In the story of "A Sound of Thunder," what things have changed since the men travelled into the past?

In "A Sound of Thunder," when Eckels returns to the present, Bradbury describes him experiencing a vague and disconcerting sensation by which the entire world seems to have been fundamentally changed in ways he cannot grasp. As the story continues, Bradbury shows how spelling conventions in the English language have been dramatically alterred. Additionally, politics have shifted as well. Whereas originally, Keith had defeated the authoritarian Deutscher, now the results are the other way around.

Expert Answers

An illustration of the letter 'A' in a speech bubbles

I think there's an argument that we don't entirely know the full nature of the changes Eckels has created in the timeline. Afterall, what we see at the end of the story is, more than anything else, the effects that have resulted from a much larger teleology, but we don't precisely see the process by which those changes have been shaped, or how this larger picture fits together. It's, in fact, a very limited window into an alternate present, but even from that limited vantage point, it is clear that Eckels has caused profound damage to the timeline.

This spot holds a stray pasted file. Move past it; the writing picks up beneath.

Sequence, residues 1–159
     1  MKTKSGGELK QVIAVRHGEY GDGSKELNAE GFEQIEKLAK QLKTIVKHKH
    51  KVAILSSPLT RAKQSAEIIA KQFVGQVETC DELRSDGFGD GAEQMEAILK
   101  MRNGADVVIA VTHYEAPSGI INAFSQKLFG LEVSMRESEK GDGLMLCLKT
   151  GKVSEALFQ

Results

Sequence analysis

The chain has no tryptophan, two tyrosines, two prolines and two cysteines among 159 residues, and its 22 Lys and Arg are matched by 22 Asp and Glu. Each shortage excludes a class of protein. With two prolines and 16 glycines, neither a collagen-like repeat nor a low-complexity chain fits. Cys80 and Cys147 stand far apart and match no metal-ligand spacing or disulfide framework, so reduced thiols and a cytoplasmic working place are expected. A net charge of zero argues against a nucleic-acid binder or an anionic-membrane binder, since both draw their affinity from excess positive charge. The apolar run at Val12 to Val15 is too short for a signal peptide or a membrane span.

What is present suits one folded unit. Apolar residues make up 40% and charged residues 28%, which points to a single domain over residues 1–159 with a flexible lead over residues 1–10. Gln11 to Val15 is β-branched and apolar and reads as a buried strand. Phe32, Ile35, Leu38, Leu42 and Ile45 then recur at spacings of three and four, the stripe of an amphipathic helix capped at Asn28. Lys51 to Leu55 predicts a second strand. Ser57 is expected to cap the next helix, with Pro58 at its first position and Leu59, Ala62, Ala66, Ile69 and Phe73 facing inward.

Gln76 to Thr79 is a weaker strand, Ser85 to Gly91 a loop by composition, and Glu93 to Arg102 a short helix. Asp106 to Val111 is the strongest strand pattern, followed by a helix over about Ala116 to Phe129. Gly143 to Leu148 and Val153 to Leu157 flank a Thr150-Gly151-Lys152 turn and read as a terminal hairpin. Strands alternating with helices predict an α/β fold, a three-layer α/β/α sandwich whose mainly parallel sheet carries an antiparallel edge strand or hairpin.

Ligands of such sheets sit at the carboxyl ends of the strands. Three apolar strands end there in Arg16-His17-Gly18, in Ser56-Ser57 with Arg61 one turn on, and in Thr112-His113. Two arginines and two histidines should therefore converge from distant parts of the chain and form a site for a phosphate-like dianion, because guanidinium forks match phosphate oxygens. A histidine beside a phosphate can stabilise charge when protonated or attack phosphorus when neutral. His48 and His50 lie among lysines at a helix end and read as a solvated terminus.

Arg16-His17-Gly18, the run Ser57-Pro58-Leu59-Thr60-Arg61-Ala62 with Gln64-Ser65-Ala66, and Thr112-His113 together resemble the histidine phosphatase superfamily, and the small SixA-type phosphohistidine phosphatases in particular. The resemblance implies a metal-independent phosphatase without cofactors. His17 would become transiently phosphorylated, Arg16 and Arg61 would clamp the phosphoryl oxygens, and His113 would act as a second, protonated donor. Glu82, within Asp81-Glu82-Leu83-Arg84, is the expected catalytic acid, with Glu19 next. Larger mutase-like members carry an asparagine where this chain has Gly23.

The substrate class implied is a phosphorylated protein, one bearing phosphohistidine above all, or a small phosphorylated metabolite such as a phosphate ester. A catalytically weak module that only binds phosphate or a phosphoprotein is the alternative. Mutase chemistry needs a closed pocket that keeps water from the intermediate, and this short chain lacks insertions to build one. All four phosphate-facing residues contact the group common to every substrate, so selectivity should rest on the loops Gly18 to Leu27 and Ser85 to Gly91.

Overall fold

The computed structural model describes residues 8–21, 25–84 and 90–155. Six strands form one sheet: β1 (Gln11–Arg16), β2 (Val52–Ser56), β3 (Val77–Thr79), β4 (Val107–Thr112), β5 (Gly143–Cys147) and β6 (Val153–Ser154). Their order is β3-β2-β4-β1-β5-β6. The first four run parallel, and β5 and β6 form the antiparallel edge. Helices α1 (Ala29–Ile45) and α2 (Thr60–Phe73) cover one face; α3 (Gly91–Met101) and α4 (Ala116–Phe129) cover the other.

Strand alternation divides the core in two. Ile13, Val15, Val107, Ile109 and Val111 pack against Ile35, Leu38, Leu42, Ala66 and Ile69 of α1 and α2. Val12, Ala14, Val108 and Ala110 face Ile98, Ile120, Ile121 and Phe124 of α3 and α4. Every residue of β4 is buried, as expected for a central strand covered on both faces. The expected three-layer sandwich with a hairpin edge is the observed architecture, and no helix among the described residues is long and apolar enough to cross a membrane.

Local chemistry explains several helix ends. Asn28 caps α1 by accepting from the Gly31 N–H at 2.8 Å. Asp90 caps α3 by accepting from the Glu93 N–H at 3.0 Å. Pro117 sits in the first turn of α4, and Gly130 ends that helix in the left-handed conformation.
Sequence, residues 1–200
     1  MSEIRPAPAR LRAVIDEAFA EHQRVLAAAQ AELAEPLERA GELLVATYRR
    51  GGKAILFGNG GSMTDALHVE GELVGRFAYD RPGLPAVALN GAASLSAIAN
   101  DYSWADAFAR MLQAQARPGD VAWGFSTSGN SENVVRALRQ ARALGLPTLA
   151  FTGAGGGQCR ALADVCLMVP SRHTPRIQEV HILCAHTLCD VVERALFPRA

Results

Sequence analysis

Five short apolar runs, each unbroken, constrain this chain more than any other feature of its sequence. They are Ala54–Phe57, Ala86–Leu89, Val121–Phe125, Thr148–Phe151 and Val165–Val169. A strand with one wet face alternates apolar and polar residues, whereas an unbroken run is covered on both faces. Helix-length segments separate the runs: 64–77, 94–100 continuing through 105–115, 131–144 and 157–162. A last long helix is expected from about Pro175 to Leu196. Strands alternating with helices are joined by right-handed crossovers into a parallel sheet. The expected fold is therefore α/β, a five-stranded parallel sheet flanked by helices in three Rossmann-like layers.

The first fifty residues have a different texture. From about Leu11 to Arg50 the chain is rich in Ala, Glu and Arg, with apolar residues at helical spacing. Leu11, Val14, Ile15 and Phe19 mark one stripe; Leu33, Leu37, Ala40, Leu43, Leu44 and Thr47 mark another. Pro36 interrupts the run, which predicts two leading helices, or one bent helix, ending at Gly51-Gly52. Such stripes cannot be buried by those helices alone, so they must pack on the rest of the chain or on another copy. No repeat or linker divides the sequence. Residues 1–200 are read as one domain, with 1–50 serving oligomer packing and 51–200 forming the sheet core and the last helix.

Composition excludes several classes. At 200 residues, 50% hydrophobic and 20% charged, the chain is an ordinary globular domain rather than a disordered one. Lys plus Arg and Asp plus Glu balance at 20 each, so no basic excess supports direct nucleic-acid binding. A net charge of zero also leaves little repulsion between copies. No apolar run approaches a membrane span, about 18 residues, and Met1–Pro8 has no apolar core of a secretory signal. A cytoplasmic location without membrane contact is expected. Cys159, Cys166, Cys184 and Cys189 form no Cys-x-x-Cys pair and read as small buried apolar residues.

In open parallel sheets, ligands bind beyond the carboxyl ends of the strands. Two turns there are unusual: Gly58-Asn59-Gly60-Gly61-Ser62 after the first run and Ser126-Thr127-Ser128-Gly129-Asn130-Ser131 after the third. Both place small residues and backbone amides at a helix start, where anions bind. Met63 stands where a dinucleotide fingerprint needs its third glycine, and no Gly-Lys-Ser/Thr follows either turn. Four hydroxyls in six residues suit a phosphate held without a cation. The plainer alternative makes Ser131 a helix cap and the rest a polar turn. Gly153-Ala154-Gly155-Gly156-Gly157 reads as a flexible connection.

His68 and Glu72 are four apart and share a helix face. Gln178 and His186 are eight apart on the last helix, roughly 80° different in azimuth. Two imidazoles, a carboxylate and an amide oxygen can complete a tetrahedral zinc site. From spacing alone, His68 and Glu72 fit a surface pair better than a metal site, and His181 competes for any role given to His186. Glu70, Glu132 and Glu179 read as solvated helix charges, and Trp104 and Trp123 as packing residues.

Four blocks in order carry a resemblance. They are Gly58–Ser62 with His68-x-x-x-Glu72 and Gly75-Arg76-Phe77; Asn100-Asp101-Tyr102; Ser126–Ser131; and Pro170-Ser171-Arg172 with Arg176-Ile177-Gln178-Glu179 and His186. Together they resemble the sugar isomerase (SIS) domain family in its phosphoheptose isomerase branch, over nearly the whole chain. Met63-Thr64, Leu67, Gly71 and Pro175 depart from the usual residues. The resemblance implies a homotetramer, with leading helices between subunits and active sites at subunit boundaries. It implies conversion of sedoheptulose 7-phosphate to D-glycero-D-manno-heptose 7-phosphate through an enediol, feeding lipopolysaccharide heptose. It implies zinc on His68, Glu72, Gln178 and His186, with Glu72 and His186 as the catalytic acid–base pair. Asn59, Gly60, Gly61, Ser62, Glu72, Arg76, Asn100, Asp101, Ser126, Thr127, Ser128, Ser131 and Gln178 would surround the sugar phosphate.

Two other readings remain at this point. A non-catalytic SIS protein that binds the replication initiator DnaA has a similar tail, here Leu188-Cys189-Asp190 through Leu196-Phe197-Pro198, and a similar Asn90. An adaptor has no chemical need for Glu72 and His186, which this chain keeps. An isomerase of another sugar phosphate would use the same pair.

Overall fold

When he first returns to the present, Bradbury writes:

Eckels stood smelling the air, and there was a thing to the air, a chemical taint so subtle, so slight, that only a faint cry of his subliminal senses warned him it was there. The colors, white, gray, blue, orange, in the wall, in the furniture, in the sky beyond the window, were... were... And there was a feel . His flesh twitched. His hands twitched. He stood drinking the oddness with the...

(The entire section contains 5 answers and 1155 words.)

Unlock This Answer Now

Start your 48-hour free trial to unlock this answer and thousands more. Enjoy eNotes ad-free and cancel anytime.

Start your 48-Hour Free Trial
Last Updated by eNotes Editorial on